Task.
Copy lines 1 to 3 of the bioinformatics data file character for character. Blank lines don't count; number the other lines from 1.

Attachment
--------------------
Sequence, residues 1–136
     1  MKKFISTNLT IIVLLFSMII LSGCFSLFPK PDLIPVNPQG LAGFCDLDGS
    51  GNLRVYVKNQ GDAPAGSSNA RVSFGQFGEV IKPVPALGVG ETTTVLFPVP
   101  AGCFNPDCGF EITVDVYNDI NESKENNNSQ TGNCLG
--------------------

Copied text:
Sequence, residues 1–136
     1  MKKFISTNLT IIVLLFSMII LSGCFSLFPK PDLIPVNPQG LAGFCDLDGS
    51  GNLRVYVKNQ GDAPAGSSNA RVSFGQFGEV IKPVPALGVG ETTTVLFPVP